- US Open
Djokovic sails past Querrey into last 16
Novak Djokovic wasted little time in booking his place in the fourth round of the US Open with a quickfire 6-3 6-2 6-2 victory over Sam Querrey.
The world No.1 needed just 85 minutes to dispatch the Californian and set up a last-16 clash against Germany's Philipp Kohlschreiber, who beat John Isner - the last American to fall - in four sets.
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Djokovic had anticipated a heavy home support for 26-year-old Querrey on a sweltering start to Saturday's afternoon session at Flushing Meadows, but soon cooled the crowd with an all-court display that ruthlessly exposed his opponent's reliance on his booming serve and forehand.
Djokovic is bidding to reach his fifth consecutive US Open final but arrived in New York with questions over his form and frame of mind in the weeks since his Wimbledon triumph following early defeats in Toronto and Cincinnati.
Comprehensive straight-sets wins over Diego Schwartzman, Paul-Henri Mathieu and now Querrey appear to have put paid to the notion that marriage and impending fatherhood have been a distraction.
"I'm peaking at the right time, at the right tournament," said Djokovic, who has now reached the fourth round in each of the last 22 grand slams. "This is where I want to play my best tennis. I haven't done as well as I wanted in lead-up tournaments, Toronto and Cincinnati. I didn't know how emotionally drained I was until I played Tsonga in Canada - I didn't feel I could deliver my best.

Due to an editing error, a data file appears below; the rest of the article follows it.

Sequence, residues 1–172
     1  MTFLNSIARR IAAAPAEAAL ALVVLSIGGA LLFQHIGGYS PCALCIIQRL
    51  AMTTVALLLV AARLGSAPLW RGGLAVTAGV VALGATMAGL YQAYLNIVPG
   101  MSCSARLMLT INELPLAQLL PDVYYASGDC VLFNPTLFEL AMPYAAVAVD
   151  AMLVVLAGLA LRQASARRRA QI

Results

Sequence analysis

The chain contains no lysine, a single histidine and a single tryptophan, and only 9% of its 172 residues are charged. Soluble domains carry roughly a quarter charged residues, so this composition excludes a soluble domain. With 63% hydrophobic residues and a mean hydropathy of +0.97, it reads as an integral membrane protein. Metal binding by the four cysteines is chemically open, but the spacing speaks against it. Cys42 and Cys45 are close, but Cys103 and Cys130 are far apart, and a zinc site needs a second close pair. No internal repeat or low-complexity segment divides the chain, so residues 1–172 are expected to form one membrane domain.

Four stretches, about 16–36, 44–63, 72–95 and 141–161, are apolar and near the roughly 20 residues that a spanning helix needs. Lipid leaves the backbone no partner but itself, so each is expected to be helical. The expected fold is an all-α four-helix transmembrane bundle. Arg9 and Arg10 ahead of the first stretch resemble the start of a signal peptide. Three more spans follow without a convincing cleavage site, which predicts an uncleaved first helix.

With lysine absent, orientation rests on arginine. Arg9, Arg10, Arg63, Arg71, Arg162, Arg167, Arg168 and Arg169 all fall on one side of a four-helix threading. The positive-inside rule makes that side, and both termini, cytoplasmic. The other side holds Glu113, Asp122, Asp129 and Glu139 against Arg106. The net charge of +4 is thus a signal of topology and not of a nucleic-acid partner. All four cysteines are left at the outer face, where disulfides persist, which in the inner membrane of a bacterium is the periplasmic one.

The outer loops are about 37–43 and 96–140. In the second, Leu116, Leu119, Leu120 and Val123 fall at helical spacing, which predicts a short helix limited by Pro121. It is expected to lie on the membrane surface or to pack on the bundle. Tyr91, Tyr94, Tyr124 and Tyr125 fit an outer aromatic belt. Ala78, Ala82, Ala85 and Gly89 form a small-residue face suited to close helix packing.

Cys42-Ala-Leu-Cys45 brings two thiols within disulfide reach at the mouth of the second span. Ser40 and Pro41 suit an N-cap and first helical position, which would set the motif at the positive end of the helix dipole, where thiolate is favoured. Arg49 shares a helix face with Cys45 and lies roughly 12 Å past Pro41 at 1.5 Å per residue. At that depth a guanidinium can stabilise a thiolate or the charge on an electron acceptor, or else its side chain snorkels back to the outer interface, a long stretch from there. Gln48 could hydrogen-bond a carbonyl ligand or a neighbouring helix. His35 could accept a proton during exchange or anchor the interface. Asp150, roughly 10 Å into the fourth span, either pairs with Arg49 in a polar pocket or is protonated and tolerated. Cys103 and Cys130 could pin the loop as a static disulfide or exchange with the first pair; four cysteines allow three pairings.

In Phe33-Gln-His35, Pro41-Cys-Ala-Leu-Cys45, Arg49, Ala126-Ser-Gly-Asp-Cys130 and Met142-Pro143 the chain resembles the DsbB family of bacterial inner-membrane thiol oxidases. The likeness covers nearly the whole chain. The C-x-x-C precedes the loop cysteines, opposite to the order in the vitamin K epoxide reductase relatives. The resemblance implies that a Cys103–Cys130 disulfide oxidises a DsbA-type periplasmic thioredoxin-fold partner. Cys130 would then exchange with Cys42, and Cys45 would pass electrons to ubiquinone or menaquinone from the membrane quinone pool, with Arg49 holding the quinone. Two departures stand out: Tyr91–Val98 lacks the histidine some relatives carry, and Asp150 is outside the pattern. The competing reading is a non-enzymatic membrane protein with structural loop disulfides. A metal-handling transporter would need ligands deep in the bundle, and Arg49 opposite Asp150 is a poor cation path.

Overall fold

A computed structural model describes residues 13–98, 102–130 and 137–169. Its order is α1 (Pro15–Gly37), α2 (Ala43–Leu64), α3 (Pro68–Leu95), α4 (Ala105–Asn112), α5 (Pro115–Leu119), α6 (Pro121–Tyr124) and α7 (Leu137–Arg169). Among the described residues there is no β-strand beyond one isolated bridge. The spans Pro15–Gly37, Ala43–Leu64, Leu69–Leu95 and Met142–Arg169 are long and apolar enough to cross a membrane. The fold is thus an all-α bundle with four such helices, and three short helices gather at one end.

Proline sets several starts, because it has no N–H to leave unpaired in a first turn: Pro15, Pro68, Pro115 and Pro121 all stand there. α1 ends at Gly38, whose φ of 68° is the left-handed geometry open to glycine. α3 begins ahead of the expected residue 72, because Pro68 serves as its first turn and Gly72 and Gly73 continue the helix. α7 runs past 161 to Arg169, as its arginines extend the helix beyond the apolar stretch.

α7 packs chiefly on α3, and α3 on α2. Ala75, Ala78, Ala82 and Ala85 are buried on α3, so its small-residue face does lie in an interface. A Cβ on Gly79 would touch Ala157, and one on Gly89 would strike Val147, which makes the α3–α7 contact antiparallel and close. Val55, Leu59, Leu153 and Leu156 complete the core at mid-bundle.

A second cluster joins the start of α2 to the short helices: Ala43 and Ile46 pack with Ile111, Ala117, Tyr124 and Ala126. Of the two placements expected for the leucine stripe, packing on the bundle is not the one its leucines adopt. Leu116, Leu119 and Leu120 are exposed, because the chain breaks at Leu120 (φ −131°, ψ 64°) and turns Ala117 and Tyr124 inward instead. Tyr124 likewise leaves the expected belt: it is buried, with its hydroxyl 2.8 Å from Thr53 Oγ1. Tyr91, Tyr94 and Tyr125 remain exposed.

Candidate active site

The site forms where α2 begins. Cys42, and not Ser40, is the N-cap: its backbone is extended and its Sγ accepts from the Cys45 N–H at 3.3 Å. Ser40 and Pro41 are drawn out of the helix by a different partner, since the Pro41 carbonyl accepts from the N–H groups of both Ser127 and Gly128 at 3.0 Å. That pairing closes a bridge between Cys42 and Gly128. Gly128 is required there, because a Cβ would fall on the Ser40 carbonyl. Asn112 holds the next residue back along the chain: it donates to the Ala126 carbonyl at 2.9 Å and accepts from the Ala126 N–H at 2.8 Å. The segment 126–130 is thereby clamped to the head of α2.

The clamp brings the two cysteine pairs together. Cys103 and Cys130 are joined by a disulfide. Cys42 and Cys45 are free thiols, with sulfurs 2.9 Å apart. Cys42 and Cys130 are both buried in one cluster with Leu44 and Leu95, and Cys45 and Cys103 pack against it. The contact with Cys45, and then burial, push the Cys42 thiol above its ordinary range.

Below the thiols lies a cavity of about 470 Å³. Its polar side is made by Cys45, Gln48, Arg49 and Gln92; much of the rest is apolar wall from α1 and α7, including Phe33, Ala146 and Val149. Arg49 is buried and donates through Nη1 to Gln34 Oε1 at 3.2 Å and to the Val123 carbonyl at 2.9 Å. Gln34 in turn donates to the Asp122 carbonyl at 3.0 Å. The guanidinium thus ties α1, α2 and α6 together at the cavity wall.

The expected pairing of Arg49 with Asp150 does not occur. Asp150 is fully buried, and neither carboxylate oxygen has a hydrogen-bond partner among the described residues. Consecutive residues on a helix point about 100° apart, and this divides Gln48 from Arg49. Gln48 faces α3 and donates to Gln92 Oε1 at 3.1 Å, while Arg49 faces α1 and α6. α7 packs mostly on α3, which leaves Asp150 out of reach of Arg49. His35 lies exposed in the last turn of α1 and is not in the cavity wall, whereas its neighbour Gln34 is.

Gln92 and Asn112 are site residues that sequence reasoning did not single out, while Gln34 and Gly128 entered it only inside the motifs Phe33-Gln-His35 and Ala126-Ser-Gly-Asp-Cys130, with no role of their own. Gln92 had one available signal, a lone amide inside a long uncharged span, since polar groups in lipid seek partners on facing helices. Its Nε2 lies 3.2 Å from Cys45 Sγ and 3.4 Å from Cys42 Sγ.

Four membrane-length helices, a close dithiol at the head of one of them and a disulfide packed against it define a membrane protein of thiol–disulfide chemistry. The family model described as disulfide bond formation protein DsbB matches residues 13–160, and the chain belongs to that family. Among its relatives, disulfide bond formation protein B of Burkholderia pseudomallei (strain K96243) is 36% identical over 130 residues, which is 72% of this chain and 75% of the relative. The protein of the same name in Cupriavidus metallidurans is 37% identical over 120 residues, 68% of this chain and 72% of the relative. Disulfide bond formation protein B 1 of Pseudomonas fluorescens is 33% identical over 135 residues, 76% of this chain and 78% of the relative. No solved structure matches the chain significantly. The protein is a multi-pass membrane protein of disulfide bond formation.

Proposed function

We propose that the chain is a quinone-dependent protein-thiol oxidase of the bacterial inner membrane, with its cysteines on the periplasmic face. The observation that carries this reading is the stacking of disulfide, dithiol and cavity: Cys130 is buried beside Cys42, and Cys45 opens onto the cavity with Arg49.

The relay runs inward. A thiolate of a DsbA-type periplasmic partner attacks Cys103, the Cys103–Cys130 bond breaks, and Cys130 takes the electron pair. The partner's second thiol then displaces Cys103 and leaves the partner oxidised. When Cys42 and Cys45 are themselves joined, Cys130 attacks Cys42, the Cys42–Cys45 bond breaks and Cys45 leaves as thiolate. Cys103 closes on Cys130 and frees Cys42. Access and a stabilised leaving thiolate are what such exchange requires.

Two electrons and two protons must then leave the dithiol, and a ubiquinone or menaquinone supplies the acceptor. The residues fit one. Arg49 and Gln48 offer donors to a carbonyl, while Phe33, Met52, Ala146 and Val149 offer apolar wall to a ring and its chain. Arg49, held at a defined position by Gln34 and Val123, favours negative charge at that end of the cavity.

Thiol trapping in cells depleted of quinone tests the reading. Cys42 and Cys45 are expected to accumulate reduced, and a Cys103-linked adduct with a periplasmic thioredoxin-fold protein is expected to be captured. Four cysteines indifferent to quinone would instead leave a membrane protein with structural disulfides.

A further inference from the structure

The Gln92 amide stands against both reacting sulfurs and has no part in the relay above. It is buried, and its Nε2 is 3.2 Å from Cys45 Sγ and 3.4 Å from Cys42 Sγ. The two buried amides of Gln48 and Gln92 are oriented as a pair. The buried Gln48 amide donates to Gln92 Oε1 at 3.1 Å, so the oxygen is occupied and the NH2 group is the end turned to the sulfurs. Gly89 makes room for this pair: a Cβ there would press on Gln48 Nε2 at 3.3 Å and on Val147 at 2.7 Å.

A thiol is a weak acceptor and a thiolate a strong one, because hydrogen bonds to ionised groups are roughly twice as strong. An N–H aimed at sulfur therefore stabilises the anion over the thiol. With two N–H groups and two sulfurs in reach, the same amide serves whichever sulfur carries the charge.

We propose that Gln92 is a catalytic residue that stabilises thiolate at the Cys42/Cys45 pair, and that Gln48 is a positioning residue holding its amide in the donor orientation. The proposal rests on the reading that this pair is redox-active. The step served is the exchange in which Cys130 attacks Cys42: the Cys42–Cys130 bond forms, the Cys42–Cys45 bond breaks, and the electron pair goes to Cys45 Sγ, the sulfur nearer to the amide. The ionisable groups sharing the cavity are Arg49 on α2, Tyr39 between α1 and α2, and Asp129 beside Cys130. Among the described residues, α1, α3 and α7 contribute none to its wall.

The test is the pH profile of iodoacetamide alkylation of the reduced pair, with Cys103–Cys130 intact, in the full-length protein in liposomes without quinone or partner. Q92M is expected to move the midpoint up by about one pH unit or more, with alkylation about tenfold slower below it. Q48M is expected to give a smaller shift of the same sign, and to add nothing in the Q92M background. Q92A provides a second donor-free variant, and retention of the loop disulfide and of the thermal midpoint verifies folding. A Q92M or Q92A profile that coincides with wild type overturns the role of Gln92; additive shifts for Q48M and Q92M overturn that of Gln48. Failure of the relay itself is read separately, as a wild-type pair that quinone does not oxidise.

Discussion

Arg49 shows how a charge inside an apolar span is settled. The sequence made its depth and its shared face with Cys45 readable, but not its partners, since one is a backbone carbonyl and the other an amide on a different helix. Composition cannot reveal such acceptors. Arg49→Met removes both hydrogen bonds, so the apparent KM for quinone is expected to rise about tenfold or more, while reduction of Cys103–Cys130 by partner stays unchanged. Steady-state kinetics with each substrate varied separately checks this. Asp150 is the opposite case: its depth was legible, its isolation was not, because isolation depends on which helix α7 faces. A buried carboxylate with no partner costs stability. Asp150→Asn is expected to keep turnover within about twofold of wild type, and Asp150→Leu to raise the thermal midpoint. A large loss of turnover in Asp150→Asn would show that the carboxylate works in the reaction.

"Emotionally I wasn't ready for those tournaments. But the upside of me losing early in Cincinnati is that I had more time to prepare for US Open, the last grand slam of the year. Over the years I played some of my best tennis on these courts: four finals and one title is quite an impressive record. I feel very comfortable playing on Arthur Ashe stadium. The New York crowd gives me a lot of energy. It's a pleasure to perform, to play in front of them."
Having dropped just four games against Mathieu, the world No.1 shot out of the blocks on Arthur Ashe Stadium once more, breaking Querrey twice to open up a 5-0 lead in just 15 minutes.
The Californian, a former top-20 player currently hovering on the outskirts of the top 50, has never beaten a top-10 opponent at a grand slam, and slipped a double-break down once more at the start of both the second and third sets.
"Sam is a big server and has a very powerful game," Djokovic said. "I had to move him around the court - he's a big guy, so doesn't move as well.
"Of course as the tournament progresses the opponents will be tougher, but I am ready."
Michael Beattie is a tennis writer for ESPN. Follow him on Twitter here.